• Adventure bikes: An adventure bike is a dirt bike designed for long distances. They usually include a luggage compartment, dual-sport tires, long-travel suspension, and an upright riding position that makes them more comfortable for long-distance rides.
  • Touring motorcycles: Touring motorcycles are large, heavy bikes that provide features designed for the rider’s comfort, including wind protection, ample storage space, and seating meant to accommodate two on a long-distance ride.
  • Superbikes and supersport motorcycles: Commonly referred to as crotch rockets, manufacturers modified these racing bikes for public roads. They require a crouched or tucked riding position to protect the rider from the wind at high speeds. Superbikes include motorcycles in the 1,000cc class, while the term supersport refers to motorcycles of this type in the 600cc class.
  • Naked motorcycles: Often referred to as street fighters, naked motorcycles are sportbikes that feature more comfortable ergonomics. These bikes provide the power of a sportbike but are more often used for daily riding than for street racing.

Additional Dangers Posed by Supersport Motorcycles

The driver death rate for riders with supersport motorcycles is four times higher than other motorcycle types. Despite only accounting for about 10 percent of the motorcycles on roads in the U.S., this class of motorcycles accounts for 25 percent of the nation’s motorcycle accident fatalities.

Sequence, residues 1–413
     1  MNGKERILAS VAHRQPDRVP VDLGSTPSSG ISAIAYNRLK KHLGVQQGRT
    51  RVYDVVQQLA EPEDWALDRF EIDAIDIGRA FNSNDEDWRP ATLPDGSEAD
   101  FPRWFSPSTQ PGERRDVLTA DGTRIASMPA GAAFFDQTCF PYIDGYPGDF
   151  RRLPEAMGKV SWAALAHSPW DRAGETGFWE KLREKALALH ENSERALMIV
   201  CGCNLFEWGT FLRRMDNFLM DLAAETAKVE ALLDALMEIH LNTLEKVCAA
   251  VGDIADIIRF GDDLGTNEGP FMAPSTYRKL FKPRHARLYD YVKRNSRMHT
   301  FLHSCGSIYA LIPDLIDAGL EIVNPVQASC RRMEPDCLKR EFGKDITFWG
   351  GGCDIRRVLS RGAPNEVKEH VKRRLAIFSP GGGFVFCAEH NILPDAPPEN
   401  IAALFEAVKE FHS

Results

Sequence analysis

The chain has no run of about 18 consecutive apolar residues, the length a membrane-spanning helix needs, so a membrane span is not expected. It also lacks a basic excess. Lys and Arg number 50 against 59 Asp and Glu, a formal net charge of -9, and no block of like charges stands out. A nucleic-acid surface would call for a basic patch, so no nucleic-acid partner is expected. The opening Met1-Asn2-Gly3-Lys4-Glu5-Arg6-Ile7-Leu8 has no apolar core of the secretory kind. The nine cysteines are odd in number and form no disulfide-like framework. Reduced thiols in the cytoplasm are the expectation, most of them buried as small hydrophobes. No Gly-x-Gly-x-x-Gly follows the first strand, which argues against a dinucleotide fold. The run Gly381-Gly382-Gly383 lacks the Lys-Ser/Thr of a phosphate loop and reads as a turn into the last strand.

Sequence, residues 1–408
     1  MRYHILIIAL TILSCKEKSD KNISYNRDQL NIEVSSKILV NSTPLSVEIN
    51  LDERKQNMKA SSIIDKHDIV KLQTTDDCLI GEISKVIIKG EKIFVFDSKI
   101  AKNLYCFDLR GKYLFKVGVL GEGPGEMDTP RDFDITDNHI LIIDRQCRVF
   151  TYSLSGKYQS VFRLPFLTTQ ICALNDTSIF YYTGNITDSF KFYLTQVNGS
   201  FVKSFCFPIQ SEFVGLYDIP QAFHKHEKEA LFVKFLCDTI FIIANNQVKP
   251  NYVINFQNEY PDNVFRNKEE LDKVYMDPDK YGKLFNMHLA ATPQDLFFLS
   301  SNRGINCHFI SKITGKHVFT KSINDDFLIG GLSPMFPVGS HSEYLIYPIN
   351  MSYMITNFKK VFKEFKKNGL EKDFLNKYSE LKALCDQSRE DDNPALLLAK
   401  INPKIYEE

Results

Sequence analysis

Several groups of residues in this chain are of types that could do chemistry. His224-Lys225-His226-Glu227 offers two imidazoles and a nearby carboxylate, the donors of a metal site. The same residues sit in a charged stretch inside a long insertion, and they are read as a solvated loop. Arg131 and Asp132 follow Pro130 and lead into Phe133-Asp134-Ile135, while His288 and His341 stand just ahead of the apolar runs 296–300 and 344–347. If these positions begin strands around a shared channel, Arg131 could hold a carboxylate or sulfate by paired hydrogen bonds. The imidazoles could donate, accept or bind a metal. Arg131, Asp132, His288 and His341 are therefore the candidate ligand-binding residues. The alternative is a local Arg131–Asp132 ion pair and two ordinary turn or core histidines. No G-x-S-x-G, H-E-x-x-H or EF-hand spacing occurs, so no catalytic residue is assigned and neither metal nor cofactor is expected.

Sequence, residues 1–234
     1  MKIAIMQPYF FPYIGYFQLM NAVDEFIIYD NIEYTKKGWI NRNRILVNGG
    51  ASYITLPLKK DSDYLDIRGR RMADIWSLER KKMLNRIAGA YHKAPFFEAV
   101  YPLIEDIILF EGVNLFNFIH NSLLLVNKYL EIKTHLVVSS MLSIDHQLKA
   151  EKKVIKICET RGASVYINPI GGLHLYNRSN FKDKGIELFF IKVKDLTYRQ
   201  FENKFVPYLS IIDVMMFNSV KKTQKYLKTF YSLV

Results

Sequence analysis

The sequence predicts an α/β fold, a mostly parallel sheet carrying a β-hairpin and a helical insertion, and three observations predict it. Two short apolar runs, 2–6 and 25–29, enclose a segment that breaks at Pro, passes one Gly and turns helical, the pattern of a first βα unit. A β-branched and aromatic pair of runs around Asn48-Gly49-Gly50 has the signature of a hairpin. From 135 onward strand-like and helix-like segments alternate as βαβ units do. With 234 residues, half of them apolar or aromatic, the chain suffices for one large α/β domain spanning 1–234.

Here are some of the additional dangers posed by these powerful motorcycles:

  • Too much power and speed. Manufacturers initially designed supersport motorcycles for the racetrack, then modified them for street use. However, these modifications did not decrease the vehicle’s power and speed or eliminate the dangers of riding a racing bike in traffic.
  • The rider’s pitch. Supersport motorcycles keep the rider in a tucked, forward-leaning position that can increase the likelihood of the rider flying forward in an accident.
  • Even poorer handling in inclement weather. No motorcycle is necessarily easy to maneuver on wet or slippery roads. The light weight of a supersport motorcycle makes it even more likely to skid on slippery road surfaces than other types of motorcycles.
  • Risk-taking. Supersport motorcycles are often the bike of choice for younger, newer riders who do not have the experience to handle their power and speed and who risk severe injury or death by pushing their skills or the motorcycle too far.

Injuries Commonly Caused by Motorcycle Accidents

Motorcycles lack the stability and protective features of other vehicle types.

Because of this, the injuries riders sustain in motorcycle accidents are often catastrophic, including:

  • Traumatic brain injuries (TBIs): TBIs damage the brain due to a blow to the head or body. They are the most frequent fatal injury incurred in motorcycle accidents. The brain is responsible for all of the body’s functions and involuntary responses. Unfortunately, despite its importance, the brain has only a limited ability to heal from injury. This means that TBIs commonly result in permanent disabilities, including memory loss, inability to control behavior or impulses, difficulty with balanced and coordinated movement, and difficulty speaking or understanding spoken language.